Why R is better than Excel for teaching statistics

October 4, 2010

(This article was first published on Research tips » R, and kindly contributed to R-bloggers)

This was the topic of a recent conversation on the Australian and New Zealand R mailing list. Here is an edited list of some of the comments made.

  • R is free.
  • R is well-documented.
  • R runs (really well) on *nix as well as Windows and Mac OS.
  • R is open-source. Trust in the R software is evident by its support among distinguished statisticians. However, the R user need not rely on trust, as the source code for R is freely available for public scrutiny.
  • R has a much broader range of statistical packages for doing specialist work.
  • R has an enthusiastic user base who can offer helpful advice for free.
  • R creates far better graphics than Excel.
  • R has certain data structures such as data frames that can make analysis more straightforward than in Excel
  • R is better for doing complex jobs
  • R is a better educational tool as it uses standard statistical vocabulary rather than home-baked terminology.
  • R is easier to learn, use, and script than Excel.
  • R allows students easily to work with scripts, thus allowing the work to be reproducible.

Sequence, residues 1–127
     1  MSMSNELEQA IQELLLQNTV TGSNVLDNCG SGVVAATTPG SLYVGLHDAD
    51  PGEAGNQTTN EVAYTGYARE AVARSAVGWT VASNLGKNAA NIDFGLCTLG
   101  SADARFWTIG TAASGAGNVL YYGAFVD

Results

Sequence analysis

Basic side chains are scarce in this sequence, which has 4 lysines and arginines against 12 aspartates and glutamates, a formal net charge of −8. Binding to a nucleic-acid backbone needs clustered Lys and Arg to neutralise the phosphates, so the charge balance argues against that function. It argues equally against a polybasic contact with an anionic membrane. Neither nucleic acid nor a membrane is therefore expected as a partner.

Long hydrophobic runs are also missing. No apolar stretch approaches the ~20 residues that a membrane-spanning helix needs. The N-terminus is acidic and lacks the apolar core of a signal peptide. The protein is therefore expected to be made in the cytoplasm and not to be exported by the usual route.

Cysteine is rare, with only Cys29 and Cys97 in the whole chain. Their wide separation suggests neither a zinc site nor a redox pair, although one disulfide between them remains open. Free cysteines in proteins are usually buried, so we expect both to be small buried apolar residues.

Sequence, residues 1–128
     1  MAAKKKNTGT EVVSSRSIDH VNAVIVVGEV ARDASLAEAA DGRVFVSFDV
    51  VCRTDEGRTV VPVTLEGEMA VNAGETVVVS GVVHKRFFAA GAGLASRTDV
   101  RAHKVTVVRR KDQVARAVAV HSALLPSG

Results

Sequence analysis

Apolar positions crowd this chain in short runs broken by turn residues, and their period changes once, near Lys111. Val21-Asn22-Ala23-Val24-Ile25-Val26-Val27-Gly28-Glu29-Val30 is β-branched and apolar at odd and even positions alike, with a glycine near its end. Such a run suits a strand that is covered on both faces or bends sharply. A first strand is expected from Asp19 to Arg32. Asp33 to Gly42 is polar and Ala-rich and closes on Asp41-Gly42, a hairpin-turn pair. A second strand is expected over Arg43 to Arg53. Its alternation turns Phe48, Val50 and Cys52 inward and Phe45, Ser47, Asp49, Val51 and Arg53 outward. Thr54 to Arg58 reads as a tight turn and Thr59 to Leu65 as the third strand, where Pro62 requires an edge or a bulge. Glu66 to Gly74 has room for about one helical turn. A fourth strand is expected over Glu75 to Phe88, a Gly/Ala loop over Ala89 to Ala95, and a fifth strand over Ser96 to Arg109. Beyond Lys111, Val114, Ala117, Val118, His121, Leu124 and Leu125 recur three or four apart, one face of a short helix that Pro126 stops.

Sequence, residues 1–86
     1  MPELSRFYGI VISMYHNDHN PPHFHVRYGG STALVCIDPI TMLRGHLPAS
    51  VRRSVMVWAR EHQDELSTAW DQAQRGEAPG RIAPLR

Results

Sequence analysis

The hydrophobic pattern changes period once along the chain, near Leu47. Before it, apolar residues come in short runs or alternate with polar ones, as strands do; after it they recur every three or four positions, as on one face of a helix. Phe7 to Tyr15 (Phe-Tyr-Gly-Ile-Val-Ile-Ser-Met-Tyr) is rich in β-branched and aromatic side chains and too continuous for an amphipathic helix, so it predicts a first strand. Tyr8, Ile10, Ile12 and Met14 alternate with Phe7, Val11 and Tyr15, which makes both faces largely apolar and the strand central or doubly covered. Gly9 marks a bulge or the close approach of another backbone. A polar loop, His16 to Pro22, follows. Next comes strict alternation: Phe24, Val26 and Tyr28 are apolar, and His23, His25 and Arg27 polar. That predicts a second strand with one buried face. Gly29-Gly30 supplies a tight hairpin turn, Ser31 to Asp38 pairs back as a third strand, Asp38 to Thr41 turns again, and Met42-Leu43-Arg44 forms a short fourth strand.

• R is intended to lead students towards programming; Excel is designed to keep people away from programming and encourages them to rely on someone else doing their programming (and often their thinking) for them.
  • Excel is known to be inaccurate whereas R is thoroughly tested. For a critique of Excel, see McCullough & Heiser (2008).
  • The statistical package available in Excel is very limited in capability and should only be used by experienced applied statisticians who can work out when its output should be ignored.
  • While R takes a while to learn, it provides a broad range of possible analyses and does not constrain users to a very limited set of methods (as is the case for Excel).

Further comments on this theme are available at the following sites:


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